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Educational Developments in Oman

by Ahmed Al Barwani -  - Muscat, Oman

For the acceleration of the development of educational sector in Oman and in order to raise the quality of the level of education in Oman, there has been a need for the participation of private educational institutions in the Sultanate in this process. A regulatory legal framework was created by the government of Oman to achieve this objective that safeguards the interests of the foreign and local investors.

Before highlighting the regulatory framework aspects of the education in private sector in Oman, below is a brief about three main levels of education in public and private sectors in Oman beside international schools:

 

  • Public Education: Ministry of Education is in charge of formulating the policies of education, administration and management of the education system in Sultanate of Oman;
  • Private School Education: This is delivered by private schools licensed by the Ministry of Education which approves its syllabus ; and
  • Higher Education: Ministry of Higher Education is the responsible body for regulating the higher education in the Sultanate in public and private universities and colleges as well as recognition of certificates issued by educational institutions abroad. 

 

In addition to the administrative and regulatory bodies mentioned above the Education Council, plays an important role in formulating the policies and provision of legislative proposals to both Ministry of Education and Ministry of Higher Education as well as observing the performance of the educational institutions in the country and issuing reports in this regard to the relevant authorities. 

Regulatory Framework in Oman 

 

  • Public schools are established by Ministry of Education in different governorates in Oman which offers three levels of education, elementary, primary and secondary. 
  • Private schools are subject to foreign investment rules and cannot be established without the issuance of a trade license by Ministry of Commerce and Industry and an approval from Ministry of Education. An Omani local partner is required to establish a private school and cannot be wholly owned by a foreign investor with the exception of GCC nationals who are accorded similar treatment to Omanis.  
  • Most of private schools take the form of limited liability companies in Oman. Limited liability companies are run and managed by managers compared to private universities that are run through a board to be appointed by the council of trustees. 
  • Private universities can be established in the Sultanate given that the majority of the funds in the share capital of the universities are owned by Omanis and the main objective of the university is not realization of profits. 
  • The establishment of private universities and approval of its articles of association are made by way of issuance of a decision by the Minister of Higher Education upon a request made by the founders of the private university.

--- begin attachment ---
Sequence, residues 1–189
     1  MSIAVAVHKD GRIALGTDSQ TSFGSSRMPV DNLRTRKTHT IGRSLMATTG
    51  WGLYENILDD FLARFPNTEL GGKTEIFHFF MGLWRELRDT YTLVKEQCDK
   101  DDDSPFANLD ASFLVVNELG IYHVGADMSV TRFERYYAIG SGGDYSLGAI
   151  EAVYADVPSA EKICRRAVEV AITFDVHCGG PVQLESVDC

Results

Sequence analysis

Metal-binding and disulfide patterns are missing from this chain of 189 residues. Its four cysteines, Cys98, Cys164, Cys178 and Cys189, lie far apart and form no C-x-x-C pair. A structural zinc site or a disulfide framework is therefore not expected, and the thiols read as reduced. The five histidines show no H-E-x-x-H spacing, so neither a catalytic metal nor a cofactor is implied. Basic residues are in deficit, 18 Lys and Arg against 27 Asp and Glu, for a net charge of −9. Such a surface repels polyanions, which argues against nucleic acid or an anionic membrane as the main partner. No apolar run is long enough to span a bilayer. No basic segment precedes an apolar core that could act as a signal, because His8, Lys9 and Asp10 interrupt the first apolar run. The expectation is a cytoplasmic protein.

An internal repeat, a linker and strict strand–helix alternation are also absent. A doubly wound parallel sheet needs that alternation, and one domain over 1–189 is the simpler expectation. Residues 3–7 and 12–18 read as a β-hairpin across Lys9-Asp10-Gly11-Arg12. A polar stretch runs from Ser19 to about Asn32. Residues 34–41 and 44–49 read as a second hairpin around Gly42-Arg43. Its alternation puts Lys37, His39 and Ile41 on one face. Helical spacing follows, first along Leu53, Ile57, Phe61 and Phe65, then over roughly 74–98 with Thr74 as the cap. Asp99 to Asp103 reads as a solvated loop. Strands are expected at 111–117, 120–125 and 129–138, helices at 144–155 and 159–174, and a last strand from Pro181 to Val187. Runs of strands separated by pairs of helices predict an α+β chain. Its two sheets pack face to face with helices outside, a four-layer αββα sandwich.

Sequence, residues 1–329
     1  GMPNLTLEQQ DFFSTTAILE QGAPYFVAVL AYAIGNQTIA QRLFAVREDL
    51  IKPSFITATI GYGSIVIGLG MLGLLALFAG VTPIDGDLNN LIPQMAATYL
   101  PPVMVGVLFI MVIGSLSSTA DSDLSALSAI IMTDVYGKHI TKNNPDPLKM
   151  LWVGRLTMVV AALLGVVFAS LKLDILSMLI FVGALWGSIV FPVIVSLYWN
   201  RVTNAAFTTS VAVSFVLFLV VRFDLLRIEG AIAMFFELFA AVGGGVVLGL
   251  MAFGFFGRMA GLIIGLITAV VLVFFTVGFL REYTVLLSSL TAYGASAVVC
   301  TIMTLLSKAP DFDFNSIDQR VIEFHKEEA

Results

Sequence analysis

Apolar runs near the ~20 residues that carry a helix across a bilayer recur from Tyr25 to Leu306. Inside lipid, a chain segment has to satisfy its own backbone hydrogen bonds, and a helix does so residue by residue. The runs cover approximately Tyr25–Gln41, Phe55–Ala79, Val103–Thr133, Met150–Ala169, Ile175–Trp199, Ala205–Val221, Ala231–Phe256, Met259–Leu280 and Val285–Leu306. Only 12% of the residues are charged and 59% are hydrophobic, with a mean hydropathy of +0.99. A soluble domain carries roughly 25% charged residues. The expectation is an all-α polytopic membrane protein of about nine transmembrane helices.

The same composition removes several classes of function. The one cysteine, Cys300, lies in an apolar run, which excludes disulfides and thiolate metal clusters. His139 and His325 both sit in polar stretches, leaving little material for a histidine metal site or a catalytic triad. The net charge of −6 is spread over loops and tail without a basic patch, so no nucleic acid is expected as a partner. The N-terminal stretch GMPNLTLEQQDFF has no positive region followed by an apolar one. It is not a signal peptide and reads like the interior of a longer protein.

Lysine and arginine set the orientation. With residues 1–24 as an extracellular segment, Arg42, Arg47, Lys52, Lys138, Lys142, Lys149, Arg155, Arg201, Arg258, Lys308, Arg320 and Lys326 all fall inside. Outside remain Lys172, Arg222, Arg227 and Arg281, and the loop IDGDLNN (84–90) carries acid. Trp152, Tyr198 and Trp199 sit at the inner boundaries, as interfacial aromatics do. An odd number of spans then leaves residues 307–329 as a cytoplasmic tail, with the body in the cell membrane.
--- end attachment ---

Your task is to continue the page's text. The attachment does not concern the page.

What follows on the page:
• The Council of Higher Education determines the number of private universities that may be permitted to be established pursuant to the provisions of the relevant laws and regulations.
  • It is not permitted for a founder to withdraw from the project of incorporation of a private university before the lapse of five years from the date of commencement of education. Withdrawal before this period shall be invalid. 
  • The private university shall have a board of trustees structured by a decision of the founders. The boards of trustees’ responsibilities are to appoint the head of the university, his deputies and the members of the university board. 
  • The board of the university, among other functions, is responsible for:

 

o   Determination of the conditions of admission to the college;

o   Determination of the conditions of appointment of the deans and the board of colleges, research and    scientific centers. 

In addition to the public and private universities in Oman there are Applied Science Colleges in most of the governorates in Oman that include Sur, Sohar, Nizwa, Ibri, Salalah and Rustaq. Applied Science Colleges are mainly regulated and administered by the Directorate General of Applied Sciences The programs offered in these colleges include information technology, design, communication studies, international business administration and engineering.

Conclusion

As outlined above the regulatory framework is clear in terms of the legal and administrative structures of private schools and universities to be adopted in order to run educational activities in the Sultanate. Albeit the fact that the number of students in Oman is relatively low compared to other countries the interest of private educational institutions is on the rise due mainly to the availability of the infrastructure and the financial support granted by the government for building the universities’ campuses and sponsoring students to study in these universities.   

The Education and Higher Education Councils have been continuously proposing and formulating new policies which ensure development of education sector in Oman since their formation. The main projects that are being undertaken by the education councils include the formulation of national education strategy 2040, restructuring of education system and school education law. Like these types of projects will ensure transformation of education in Oman in the near future which will open Oman market for more players in the educational sector. The recent issuance of the Protection of Competition and Prevention of Monopoly Law in Oman will further ensure that opportunities for investment in educational sector are offered equally to all types of investors either locals or foreigners as well as  there will be no monopoly in this sector in Oman market. 

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